During Explorations! Focus on Underwater Archaeology, visitors learn how MIT's Deep Archaeology Lab uses sound to map shipwrecks by building and testing remote underwater vehicles that use sound to navigate.

Sea Floor Science adapts an operational ocean bottom seismometer from the Scripps Institution of Oceanography's Institute of Geophysics and Planetary Physics to allow visitors and students to conduct a series of increasingly more difficult experiments on energy transmission.

During Slopes, Slides and Tsunamis, Neal Driscoll from Scripps Institution of Oceanography's Geosciences Research Division delivers an 'interactive scientist presentation' designed to engage audiences of all ages.
Sea Floor Science

The Ocean Institute was fortunate to receive funding from the National Science Foundation for Sea Floor Science to examine the process of science translation in a new way. The three-year project began in 2003 looking at exhibit convertibility and adaptability. We wanted to know how an exhibit could be developed to meet both the relatively modest needs of the public and also the rather stringent needs of an 18-hour middle school overnight program. In addition, we were interested in how exhibits and programs might be designed to be more responsive to relevant scientific updates or developed quickly enough to represent current science.

Sea Floor Science creates 4-month intensive explorations of current ocean science topics. The project defines a new process for efficiently recruiting scientists, translating complex science and employing informal science center tools. To date, Sear Floor Science has presented Surfscience, Explorations! A Focus on Underwater Archaeology, Slopes, Slides and Tsunamis and Lights! Cameras! interActions! and is in development of Exploring Life in the Extreme.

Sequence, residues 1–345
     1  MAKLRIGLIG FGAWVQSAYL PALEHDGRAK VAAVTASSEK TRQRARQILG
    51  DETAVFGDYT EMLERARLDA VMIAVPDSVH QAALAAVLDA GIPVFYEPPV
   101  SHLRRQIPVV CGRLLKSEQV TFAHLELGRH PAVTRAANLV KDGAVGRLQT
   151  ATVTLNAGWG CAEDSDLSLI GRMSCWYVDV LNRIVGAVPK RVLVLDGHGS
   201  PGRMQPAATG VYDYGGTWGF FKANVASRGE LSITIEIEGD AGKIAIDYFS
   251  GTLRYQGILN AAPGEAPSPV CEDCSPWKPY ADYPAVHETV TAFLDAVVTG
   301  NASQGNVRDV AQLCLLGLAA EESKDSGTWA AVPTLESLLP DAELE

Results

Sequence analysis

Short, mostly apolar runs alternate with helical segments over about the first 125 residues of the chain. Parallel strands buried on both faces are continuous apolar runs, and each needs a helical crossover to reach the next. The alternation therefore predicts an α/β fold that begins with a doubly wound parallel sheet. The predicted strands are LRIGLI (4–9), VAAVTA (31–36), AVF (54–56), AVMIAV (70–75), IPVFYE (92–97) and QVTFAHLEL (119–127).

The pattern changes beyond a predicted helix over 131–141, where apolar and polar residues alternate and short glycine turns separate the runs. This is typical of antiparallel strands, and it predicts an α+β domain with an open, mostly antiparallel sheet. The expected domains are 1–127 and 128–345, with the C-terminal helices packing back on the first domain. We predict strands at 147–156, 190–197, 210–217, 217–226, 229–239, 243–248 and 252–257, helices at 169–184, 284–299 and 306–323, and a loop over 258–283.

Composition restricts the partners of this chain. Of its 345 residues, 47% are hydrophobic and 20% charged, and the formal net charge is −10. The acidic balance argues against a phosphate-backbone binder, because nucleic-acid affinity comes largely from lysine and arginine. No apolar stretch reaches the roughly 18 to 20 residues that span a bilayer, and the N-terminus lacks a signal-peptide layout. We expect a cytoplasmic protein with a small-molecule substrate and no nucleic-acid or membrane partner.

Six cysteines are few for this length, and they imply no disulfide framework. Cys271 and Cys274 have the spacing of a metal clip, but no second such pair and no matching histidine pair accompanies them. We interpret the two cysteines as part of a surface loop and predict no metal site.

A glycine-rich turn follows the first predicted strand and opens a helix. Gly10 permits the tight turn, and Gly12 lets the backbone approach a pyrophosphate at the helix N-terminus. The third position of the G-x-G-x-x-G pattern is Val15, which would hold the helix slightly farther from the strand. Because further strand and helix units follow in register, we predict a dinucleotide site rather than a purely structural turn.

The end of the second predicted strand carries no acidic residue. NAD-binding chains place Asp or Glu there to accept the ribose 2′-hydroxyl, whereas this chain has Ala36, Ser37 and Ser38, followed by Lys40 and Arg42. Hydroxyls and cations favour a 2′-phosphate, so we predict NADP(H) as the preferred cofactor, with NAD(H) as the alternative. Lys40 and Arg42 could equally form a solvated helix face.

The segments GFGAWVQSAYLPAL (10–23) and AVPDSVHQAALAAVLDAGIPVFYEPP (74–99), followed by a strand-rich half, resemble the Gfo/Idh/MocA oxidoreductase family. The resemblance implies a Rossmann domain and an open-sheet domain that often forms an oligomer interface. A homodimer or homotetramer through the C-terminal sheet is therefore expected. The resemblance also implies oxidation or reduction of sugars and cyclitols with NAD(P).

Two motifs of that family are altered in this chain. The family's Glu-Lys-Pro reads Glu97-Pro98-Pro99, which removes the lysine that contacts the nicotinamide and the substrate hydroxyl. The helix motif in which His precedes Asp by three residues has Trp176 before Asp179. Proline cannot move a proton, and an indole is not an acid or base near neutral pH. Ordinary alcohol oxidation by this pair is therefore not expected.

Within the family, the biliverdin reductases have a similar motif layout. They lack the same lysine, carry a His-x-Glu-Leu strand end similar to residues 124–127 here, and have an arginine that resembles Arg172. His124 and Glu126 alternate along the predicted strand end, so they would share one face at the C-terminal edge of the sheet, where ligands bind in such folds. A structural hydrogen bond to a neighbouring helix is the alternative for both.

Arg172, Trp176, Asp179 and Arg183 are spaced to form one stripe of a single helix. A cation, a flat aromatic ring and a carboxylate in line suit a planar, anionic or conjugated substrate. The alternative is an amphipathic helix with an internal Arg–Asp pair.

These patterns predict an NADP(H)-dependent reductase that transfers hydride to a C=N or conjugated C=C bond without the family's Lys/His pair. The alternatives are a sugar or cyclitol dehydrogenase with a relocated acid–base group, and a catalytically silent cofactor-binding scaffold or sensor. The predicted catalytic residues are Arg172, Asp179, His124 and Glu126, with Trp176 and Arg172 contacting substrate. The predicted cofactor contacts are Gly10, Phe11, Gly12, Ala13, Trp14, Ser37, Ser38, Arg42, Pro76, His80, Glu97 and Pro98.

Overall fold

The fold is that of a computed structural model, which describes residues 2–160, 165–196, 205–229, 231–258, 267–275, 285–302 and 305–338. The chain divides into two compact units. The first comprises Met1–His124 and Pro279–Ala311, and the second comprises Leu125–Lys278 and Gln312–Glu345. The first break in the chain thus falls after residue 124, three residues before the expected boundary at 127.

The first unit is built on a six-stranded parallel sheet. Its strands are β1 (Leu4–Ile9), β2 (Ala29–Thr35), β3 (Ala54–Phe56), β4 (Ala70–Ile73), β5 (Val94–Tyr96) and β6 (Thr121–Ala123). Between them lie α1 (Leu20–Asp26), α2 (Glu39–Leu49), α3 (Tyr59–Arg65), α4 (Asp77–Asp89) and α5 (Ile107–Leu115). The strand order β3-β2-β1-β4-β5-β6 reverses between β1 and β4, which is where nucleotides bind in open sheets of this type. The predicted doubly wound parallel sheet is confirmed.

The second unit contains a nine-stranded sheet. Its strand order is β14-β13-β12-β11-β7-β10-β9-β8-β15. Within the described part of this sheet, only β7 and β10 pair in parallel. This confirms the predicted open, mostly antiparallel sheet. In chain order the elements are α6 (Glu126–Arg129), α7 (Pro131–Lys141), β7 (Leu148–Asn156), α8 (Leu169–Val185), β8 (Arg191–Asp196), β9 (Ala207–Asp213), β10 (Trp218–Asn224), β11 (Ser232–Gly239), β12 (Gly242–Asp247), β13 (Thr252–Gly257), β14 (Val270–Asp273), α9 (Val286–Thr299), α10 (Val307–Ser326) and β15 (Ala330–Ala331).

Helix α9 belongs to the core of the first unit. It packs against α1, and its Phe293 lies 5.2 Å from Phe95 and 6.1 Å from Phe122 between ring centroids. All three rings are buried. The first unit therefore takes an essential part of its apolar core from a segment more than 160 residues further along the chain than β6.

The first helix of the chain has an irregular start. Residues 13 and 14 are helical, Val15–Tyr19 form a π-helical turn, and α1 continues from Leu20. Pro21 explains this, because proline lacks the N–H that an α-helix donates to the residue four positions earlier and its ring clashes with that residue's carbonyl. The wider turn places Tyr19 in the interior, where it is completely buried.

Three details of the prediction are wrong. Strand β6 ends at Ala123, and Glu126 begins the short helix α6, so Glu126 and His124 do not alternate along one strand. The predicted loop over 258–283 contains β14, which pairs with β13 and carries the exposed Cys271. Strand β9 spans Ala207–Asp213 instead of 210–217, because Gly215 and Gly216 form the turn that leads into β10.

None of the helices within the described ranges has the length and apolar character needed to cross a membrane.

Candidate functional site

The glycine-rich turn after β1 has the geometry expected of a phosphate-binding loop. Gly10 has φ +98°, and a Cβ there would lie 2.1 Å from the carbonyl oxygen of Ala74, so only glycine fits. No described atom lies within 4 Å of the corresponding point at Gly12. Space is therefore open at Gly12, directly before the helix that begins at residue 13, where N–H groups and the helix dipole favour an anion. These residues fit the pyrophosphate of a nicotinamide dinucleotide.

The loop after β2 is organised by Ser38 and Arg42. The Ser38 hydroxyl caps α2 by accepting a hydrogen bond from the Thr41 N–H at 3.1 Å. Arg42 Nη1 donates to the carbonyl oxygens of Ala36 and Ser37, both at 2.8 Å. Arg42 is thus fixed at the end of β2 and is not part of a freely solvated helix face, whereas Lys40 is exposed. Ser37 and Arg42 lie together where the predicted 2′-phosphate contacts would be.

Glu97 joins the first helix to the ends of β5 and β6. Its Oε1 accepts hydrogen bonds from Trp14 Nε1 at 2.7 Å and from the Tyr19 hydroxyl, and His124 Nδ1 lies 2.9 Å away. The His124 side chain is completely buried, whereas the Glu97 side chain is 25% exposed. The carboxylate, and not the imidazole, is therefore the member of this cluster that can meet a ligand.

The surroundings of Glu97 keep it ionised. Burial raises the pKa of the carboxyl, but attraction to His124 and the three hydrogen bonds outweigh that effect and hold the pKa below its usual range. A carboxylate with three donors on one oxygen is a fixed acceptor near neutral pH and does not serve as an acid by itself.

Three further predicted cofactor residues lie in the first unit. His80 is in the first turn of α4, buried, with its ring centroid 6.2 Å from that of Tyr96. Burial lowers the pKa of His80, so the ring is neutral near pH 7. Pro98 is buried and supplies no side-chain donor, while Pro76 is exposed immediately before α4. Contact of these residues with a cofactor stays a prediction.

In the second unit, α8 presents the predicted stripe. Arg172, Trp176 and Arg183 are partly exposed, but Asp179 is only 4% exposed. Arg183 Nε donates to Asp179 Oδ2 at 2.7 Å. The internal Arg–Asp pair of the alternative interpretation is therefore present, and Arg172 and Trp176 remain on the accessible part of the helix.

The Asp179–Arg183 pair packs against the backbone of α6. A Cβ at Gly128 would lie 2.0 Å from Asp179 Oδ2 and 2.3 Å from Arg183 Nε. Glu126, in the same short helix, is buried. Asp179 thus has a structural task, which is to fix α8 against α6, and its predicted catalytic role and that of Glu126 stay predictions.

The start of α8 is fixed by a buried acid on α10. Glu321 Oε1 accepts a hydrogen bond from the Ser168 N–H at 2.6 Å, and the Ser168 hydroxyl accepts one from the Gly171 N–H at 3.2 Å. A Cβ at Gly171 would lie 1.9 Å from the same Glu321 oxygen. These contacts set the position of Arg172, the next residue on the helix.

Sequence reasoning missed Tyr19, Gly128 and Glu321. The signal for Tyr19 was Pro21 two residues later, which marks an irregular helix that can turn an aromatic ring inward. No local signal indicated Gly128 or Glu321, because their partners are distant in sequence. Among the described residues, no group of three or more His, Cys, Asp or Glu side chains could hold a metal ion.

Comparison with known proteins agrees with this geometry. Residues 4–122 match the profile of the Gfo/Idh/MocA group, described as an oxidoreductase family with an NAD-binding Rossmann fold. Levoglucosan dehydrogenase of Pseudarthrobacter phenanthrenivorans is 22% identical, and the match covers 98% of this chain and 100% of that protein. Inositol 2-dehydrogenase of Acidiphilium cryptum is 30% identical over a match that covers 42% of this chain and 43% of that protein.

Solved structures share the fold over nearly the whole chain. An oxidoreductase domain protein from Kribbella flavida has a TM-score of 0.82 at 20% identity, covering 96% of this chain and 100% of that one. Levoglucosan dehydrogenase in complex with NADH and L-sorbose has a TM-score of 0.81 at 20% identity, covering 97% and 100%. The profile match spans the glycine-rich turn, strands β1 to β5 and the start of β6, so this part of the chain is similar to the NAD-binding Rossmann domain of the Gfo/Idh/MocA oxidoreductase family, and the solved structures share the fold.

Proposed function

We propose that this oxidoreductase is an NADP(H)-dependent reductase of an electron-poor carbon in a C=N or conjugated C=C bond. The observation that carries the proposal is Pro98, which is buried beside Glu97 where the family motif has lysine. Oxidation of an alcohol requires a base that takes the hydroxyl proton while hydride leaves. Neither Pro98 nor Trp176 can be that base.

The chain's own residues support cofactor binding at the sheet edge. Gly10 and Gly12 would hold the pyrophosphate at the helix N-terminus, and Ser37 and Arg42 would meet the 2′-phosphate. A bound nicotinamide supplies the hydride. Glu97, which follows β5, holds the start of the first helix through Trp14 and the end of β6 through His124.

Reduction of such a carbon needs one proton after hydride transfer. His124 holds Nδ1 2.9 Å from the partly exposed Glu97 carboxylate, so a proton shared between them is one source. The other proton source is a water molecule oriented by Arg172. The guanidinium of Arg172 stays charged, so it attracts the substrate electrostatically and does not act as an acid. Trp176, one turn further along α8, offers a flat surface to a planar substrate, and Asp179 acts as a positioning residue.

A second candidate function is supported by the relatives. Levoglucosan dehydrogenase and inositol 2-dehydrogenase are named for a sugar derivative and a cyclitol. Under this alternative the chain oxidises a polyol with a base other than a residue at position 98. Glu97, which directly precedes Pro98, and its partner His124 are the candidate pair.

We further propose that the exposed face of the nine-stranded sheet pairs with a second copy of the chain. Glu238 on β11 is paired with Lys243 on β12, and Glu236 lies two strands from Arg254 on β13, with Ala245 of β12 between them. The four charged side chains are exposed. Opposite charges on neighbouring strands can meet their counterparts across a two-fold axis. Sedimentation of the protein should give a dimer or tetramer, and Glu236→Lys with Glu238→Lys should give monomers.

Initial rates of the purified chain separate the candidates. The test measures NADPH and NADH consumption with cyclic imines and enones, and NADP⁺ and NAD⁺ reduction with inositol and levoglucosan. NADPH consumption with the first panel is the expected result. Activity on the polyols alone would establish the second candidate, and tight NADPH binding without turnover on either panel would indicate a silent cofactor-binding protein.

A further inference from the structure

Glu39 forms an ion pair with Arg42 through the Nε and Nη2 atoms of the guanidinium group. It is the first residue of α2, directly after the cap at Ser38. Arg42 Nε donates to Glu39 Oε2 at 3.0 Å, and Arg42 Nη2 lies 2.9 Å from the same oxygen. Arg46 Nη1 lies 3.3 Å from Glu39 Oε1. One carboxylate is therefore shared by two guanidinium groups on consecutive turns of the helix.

Sea Floor Science has helped to push the current definition of exhibit by creating new types of learning spaces that deliver a broader spectrum of visitor experiences and can be more readily updated to reflect changing science. In Slopes, Slides and Tsunamis, science on the potential instability of continental shelves caused by methane hydrates conducted by Scripps Institution of Oceanography, Monterey Bay Aquarium Research Institution and United States Geological Survey was presented in an interesting combination of facilitated and non-facilitated exhibits, family kits, interactive scientist presentations, 60-minute activity tours, take-out science kits, self-guided science explorations and live videoconferences from a research vessel off the coast of Papua New Guinea. Formative evaluations showed that diverse audiences were able to understand key messages when all the informal science education tools worked in synchrony.

The Ocean Institute has developed a new and effective methodology for connecting scientists with informal science education centers. The project began with three partners, Jet Propulsion Lab, Scripps Institution of Oceanography and Texas A&M's Institute of Nautical Archaeology and quickly grew to include over a dozen major research institutions. Sea Floor Science has been successful at developing a sophisticated and efficient tool for busy scientists trying to meet broader impact initiatives. The model has been successfully applied to three recent NSF-funded ocean science projects. In addition, Sea Floor Science has informed NSF-funded Centers for Ocean Sciences Education Excellence and the RIDGE 2000 (group of 200 thermal vent scientists) by demonstrating a working model for building effective collaborations between the education and research communities.

For more information:
Sea Floor Science publications and presentations

Sea Floor Science is a project of the Ocean Institute's Center for Cooperation in Research and Education (CORE).

Produced in collaboration with Scripps Institution of Oceanography.
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Last modified Thursday, February 24, 2005